Especially concerning for us at Carnegie Mellon is the fact that, if confirmed, DeVos would be in charge of running a $1 trillion student loan bank, despite having no experience managing anywhere near that amount of money. She has no concrete plans to ensure tax money does not contribute to fraud and abuse, beyond delegating it to others in her department. She further refused to commit to enforcing the rules already in place to oversee colleges receiving federal funds without further review.

In addition, she’s never even had to apply for financial aid for herself or her children, so we can’t expect her to have any understanding of or empathy for the process.

DeVos has also said some worrying statements regarding sexual assault on campus. She refused to commit to upholding the 2011 Title IX, an anti-discrimination law which prohibits sexual assault as a form of sexual harassment on campus. This has left many concerned over the attitude the Department of Education would take regarding sexual assault under DeVos.

Furthermore, though DeVos has since attempted to change her stance, she did waver on whether she would enforce the Individuals with Disabilities Act during the hearing. At one point, she said she felt it should be up to the states to decide — despite being a federal law to ensure that all students’ rights are protected, and that parents have a say in their disabled children’s education.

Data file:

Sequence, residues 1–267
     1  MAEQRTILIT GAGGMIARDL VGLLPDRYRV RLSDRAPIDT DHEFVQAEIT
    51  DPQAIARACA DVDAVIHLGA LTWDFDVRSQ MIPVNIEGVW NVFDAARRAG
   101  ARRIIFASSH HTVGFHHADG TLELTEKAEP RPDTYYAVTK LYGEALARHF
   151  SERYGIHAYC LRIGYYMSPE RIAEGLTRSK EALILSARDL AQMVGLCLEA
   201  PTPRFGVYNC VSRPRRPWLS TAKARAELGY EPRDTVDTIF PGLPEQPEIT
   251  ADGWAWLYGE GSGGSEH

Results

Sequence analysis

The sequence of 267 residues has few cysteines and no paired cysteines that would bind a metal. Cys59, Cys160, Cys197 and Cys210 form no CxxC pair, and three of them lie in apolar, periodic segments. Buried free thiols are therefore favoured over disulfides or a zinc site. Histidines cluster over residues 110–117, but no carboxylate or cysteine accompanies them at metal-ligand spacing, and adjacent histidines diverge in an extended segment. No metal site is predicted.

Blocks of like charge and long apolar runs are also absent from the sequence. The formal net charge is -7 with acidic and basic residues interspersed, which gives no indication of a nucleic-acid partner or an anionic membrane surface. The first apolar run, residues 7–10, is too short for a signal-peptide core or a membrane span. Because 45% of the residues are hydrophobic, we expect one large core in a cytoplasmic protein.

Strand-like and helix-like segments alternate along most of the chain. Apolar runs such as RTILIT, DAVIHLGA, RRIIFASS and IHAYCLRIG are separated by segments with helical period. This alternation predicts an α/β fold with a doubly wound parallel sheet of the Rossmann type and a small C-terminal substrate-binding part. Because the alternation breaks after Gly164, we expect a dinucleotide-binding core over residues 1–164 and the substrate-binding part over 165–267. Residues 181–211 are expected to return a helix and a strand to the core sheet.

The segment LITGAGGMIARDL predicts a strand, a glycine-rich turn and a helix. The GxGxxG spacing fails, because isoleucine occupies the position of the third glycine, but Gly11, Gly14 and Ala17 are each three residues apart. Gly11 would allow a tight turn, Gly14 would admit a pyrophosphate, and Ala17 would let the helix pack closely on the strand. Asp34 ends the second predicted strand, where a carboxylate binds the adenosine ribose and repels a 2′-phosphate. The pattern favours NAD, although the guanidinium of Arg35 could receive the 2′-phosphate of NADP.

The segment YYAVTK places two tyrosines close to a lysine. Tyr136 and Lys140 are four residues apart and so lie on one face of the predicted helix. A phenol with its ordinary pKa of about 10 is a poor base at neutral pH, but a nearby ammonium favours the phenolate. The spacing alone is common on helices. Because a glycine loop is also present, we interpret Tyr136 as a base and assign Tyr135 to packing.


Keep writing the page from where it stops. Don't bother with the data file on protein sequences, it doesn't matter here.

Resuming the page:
DeVos was also questioned over donations her family has made to the Republican Party amounting to around $200 million, and Senator Bernie Sanders (I-VT) asked her if she was chosen purely for this reason. And though she has resigned from a dozen foundations, including All Children Matter and Great Lakes Education Foundation, and plans to divest from 102 companies within 90 days of being confirmed, she would remain a co-trustee of three family trusts that could keep her tied to educational organizations like for-profit colleges.

The way DeVos’ hearing was run was equally as concerning as her conception of the realities of schooling in America. During the hearing,each senator had only five minutes to question DeVos, and they were not permitted a second round of questioning, despite precedents in which they had been granted more time .

Senator Lemar Alexander (R-TN) did say that Senators could question DeVos in their offices at another time, but the public could not watch these meetings the way they were able to see the hearing.

Furthermore, DeVos’ completed ethics review was not made available until after the hearing, making it impossible for senators to address content they found within the document publicly.

In an even more worrying move, the White House has yet to reconnect the phone lines, so callers concerned about DeVos are not being heard. A voice mail recommends that callers instead turn to Facebook or email to voice their opinion, but studies have shown that calling is far more effective. While people can still call senators’ and representatives’ offices directly, there’s something about being cut off from the White House itself that somehow suggests a lack of a voice in the matter.

In the end, though a second hearing has not been granted, the vote on DeVos’ hearing was postponed until Jan. 31 to give lawmakers time to question her financial disclosures and positions individually. For the sake of students everywhere, we can only hope that some will change their minds based on what they hear and what their constituents say.